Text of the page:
Around 8:30 we started our descent down the mountain. On our way down we could clearly see the route we climbed up now that is was sunny out. Wow, the Ingraham Direct route with the crevasses and giant snow walls looked even more daunting yet beautiful at the same time. We made two stops on the way down. One just above Ingraham Direct and the second at the Flats. We finally arrived back at Camp Muir around 12:30. From there we packed up our belongings, took off our crampons and headed back down to Paradise. The hike down to Paradise from Camp Muir was super mellow. We made it to Paradise around 3:30. Upon arriving at the RMI compound we ordered pitchers of beer and celebrated with our group, including our guides. After enjoying some beer and a burger we showered up and went into the spa where we continued to debrief and talk/joke about the climb. On Monday we packed up and returned to our residences with a new sense of appreciation for glaciated mountains.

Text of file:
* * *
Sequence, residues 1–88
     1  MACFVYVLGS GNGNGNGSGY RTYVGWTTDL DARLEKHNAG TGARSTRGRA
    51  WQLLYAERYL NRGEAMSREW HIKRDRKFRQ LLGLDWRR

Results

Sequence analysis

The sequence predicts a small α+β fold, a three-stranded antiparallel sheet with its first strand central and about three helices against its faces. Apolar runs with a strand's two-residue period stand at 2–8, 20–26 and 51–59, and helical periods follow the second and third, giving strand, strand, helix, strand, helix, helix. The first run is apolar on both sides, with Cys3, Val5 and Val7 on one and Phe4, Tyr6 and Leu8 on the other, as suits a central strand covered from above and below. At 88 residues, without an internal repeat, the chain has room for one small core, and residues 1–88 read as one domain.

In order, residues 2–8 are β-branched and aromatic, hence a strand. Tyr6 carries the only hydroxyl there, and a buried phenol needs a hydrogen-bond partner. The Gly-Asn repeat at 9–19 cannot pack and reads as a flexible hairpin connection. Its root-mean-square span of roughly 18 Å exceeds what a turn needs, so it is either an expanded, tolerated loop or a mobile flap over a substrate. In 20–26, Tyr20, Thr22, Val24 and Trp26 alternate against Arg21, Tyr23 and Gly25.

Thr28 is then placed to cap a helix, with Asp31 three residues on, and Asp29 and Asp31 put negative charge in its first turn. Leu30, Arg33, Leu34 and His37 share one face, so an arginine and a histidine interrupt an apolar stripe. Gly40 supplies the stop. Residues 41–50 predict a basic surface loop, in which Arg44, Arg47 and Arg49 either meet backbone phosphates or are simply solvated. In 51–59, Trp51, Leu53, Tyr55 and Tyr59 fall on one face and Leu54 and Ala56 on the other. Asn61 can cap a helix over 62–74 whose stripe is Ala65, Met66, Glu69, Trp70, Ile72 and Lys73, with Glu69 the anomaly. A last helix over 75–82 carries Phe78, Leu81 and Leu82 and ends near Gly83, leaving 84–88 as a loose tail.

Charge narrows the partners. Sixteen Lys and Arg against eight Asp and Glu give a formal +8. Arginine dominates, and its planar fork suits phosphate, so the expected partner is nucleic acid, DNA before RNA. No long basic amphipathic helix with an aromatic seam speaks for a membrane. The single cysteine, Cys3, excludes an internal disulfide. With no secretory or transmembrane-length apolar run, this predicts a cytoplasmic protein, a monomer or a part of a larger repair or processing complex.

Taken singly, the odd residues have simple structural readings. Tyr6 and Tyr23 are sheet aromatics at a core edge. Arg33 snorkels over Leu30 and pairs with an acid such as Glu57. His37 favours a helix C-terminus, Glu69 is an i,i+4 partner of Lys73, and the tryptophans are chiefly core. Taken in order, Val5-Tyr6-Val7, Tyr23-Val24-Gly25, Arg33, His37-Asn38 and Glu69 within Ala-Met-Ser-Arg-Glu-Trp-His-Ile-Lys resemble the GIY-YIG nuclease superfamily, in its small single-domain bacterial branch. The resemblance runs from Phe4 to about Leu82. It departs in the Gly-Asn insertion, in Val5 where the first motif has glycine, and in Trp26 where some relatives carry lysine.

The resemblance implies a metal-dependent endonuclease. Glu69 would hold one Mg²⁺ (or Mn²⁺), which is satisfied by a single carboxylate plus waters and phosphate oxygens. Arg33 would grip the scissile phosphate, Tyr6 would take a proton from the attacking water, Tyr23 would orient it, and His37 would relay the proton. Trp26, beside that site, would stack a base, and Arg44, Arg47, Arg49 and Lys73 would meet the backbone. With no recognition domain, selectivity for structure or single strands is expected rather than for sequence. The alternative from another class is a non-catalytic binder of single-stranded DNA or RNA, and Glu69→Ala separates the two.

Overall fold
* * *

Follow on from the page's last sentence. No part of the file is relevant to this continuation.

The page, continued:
3 days after the climb I am still trying to process my "Rainier" experience. All I can say about it is "incredible". All my climbing I have done doesn't compare to this experience. I was blown away by the beauty and danger of Rainier. What comes next? Maybe a climb out of the states. I know that the gang had a blast. I hope in 2 years we can get another climb organized. Everyone in the group was awesome! Thanks Brad, Brian, Cary, Dave, Katie and Jeff. I couldn't have asked for better people to climb with. I also want to thank my family for all their support and encouragement!